It is easier to detect threats or when something is amiss when you are familiar with the area. The home advantage is significant.  

Home Production

Our home has established edible landscaping. We have mature fruit and nut trees, grapevines, berry bushes, chickens, medicinal herbs, and a productive garden.

We have everything we need to preserve the harvest and produce much of our food for an extended period of time. Best Strategies for Growing a Reliable Survival Garden may give you some tips to get started growing your own food.

Survival Garden

Community Relationships

One of the great advantages of choosing to stay in our home is that of community and established relationships. In our neighborhood, we have medical personnel, firefighters, law enforcement officers, construction workers, electricians, farmers, engineers, and a variety of other skilled friends.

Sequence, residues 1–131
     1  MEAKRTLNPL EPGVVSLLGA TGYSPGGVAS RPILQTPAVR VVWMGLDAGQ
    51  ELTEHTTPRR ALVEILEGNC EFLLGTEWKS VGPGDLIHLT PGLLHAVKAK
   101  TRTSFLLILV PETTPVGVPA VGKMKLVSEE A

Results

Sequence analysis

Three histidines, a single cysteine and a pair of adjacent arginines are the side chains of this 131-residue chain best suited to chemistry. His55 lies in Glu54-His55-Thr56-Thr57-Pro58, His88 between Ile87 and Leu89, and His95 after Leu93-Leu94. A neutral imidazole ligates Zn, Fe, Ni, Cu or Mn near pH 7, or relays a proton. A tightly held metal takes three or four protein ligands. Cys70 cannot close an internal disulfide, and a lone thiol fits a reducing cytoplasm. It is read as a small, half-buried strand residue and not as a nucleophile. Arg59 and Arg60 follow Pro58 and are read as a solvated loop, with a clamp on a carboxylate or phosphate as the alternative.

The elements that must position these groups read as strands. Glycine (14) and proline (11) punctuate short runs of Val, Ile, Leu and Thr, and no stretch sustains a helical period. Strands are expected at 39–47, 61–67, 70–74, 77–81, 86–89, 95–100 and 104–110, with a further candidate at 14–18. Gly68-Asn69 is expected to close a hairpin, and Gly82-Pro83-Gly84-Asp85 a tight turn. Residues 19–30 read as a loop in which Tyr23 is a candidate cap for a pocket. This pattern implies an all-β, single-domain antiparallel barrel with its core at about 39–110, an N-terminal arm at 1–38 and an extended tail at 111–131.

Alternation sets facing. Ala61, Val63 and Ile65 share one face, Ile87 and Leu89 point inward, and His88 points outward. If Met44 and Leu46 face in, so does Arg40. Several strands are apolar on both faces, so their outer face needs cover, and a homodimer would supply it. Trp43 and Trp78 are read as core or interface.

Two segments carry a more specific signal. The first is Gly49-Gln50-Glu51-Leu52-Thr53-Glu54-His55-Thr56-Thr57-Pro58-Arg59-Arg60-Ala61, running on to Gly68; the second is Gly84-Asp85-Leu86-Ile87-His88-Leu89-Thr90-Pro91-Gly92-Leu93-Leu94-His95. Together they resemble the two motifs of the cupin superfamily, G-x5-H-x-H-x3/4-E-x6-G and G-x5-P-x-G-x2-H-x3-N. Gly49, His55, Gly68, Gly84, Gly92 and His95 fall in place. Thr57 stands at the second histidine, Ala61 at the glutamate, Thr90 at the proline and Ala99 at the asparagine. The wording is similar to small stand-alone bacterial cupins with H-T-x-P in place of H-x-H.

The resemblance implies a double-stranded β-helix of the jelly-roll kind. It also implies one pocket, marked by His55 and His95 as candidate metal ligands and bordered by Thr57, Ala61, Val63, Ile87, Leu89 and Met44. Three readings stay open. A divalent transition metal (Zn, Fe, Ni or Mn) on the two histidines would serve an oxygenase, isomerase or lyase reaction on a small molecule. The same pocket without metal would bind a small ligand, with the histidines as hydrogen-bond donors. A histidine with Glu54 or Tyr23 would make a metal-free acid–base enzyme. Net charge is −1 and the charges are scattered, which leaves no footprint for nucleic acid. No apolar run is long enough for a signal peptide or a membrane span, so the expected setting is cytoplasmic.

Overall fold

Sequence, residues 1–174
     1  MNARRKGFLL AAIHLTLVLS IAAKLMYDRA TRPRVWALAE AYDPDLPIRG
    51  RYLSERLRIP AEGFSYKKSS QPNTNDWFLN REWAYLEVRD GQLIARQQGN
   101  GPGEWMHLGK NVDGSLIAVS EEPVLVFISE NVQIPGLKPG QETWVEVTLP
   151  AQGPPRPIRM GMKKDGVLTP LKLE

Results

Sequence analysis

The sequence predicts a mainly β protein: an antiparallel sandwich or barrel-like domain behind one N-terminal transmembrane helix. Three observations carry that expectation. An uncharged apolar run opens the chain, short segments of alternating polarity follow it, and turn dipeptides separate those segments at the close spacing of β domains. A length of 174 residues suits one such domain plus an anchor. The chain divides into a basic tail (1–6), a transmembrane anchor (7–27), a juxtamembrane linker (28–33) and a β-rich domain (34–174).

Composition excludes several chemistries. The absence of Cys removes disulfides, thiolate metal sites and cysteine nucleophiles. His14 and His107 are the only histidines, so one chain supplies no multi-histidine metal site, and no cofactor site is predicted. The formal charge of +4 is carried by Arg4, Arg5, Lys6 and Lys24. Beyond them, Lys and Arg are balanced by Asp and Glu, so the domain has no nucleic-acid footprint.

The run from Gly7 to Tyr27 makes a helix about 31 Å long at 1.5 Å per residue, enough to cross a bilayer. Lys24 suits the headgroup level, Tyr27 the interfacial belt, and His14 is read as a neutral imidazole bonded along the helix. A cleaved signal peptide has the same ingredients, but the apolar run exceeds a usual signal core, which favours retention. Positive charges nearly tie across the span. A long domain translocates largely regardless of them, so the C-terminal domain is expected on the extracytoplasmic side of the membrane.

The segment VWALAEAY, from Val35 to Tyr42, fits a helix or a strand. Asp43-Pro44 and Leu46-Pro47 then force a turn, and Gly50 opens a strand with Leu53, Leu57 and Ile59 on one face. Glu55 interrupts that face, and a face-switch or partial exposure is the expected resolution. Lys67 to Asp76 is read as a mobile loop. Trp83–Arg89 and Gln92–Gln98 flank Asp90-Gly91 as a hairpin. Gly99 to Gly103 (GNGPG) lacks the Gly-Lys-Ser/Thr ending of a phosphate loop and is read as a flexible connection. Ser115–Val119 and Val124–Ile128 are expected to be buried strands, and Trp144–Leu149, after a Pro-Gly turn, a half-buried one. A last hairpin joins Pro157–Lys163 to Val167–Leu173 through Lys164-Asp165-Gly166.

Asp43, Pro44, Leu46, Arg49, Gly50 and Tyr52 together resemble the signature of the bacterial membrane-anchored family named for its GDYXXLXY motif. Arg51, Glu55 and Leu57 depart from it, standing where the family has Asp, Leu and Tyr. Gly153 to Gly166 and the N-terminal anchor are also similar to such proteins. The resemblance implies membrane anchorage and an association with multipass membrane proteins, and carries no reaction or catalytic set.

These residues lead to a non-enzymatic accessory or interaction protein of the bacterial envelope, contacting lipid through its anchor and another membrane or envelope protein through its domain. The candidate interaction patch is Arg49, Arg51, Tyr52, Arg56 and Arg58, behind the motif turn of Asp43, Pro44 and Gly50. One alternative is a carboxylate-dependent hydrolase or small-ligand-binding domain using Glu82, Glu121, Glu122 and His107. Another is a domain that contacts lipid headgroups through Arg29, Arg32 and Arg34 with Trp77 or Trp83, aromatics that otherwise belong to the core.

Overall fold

Working together we have the advantage and our chance of survival is significantly increased. See Community—Your Best Chance for Survival to learn more about building relationships.

Disadvantages of Bugging In

There are only a few disadvantages to staying home. Sometimes it just may not be a safe option due to environmental hazards. Threats you may face at home include the following.

Unprepared Friends and Neighbors

One of the biggest threats comes from what should be your biggest asset, and that is unprepared friends and neighbors. We frequently hear the comment, “When something happens, I know where I’m going.”